The Gun Lake Tribe of Pottawatomi Indians has organized the annual release of juvenile lake sturgeon into the Kalamazoo River on Wednesday, Aug. 29 from 5 p.m. to 8 p.m.
The eight-inch sturgeon set for release were reared in a streamside hatchery and will be hand-released back into the river at the New Richmond Bridge County Park, 5700 Old Allegan Road in Hamilton. A welcome will be provided by the Tribal Council and the tribal drum group, Sons of the Three Fires, will perform. The event includes hatchery tours and light dinner for up to 200 visitors.
The public is encouraged to attend the event coordinated by the tribe, Michigan Department of Natural Resources, U.S. Fish & Wildlife, Kalamazoo River chapter of Sturgeon for Tomorrow, and Grand Valley State University.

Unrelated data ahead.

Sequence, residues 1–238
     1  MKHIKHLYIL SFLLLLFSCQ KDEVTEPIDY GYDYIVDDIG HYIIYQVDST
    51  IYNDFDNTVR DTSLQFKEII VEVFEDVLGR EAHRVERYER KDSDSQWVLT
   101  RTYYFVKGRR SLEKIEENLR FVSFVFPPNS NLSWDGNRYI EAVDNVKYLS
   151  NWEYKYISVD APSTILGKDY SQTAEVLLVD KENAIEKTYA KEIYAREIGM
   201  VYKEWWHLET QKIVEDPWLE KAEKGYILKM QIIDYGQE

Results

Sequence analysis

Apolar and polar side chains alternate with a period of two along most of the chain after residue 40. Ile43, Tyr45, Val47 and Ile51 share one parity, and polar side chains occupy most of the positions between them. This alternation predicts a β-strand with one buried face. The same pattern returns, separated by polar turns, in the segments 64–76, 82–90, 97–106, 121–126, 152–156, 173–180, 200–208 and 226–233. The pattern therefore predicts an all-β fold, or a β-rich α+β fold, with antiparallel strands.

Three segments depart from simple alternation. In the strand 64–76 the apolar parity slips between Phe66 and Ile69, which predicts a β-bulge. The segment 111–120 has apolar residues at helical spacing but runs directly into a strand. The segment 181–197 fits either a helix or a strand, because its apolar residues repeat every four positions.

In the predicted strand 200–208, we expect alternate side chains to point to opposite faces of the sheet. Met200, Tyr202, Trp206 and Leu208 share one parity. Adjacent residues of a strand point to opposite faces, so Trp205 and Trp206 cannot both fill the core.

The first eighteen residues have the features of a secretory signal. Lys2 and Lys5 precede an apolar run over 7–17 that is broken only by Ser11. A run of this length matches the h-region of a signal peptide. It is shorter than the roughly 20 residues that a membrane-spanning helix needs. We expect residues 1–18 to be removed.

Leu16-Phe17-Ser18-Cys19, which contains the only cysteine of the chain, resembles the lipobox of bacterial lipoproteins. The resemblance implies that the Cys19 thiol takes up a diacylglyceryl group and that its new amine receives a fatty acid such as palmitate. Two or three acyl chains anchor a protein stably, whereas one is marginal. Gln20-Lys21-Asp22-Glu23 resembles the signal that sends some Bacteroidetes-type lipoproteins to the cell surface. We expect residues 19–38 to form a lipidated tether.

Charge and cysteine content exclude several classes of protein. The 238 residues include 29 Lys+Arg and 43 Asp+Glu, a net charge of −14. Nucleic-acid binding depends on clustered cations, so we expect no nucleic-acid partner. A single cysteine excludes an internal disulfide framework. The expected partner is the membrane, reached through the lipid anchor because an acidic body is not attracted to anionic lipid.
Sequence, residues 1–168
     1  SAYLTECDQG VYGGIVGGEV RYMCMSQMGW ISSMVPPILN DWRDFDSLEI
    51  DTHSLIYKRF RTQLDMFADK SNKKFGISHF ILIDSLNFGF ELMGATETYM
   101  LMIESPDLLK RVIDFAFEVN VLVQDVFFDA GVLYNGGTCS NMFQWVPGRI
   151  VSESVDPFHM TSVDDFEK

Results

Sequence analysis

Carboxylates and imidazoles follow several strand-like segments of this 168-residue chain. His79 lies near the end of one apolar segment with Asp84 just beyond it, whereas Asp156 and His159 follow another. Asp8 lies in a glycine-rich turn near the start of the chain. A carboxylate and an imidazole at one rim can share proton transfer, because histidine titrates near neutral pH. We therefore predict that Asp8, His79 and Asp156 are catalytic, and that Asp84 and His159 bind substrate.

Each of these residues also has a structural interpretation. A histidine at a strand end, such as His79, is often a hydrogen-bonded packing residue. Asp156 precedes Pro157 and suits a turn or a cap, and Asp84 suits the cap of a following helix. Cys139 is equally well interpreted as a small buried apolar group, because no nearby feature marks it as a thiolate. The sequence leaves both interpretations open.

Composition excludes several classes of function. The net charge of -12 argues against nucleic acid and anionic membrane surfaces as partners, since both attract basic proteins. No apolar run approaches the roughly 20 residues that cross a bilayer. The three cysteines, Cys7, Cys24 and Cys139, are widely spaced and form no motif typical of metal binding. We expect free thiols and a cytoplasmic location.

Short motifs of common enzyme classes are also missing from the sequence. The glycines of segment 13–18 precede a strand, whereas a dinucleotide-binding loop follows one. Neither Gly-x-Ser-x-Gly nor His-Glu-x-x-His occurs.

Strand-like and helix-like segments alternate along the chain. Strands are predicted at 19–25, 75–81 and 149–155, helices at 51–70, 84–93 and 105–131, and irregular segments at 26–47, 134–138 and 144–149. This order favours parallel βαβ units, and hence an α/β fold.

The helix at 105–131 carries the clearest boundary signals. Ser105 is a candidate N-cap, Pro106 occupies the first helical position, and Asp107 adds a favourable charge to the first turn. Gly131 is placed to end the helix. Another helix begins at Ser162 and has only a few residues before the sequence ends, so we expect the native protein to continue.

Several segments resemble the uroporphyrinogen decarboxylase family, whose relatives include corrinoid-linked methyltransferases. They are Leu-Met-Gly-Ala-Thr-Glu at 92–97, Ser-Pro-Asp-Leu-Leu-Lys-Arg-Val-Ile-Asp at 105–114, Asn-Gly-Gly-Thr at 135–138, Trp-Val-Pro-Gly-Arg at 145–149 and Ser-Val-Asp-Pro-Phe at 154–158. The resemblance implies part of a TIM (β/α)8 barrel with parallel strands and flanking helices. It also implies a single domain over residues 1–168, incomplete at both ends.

Sturgeon, or Nmé in Pottawatomi, is culturally important to the tribe as the fish represents an animal clan in traditional beliefs. Sturgeon clan people have spiritual knowledge offered as guidance to others and they live to an old age, just like lake sturgeon.
The rehabilitation of lake sturgeon is a reflection of the tribe’s present-day progression as a community and a tribal government.
Lake sturgeon is a unique fish species in Michigan and an important biological component of the Great Lakes fish community. Lake sturgeon can grow to weights of up to 200 pounds and lengths of seven feet, with females longer and heavier than males, according to the Michigan Department of Natural Resources.
A typical lifespan is 55 years for males and 70 to 100 years for females.
The species is listed as threatened in Michigan, commercial fishing is prohibited and sport fishing is closely regulated. There are many specific regulations for recreational fishing for lake sturgeon in Michigan, the MDNR said.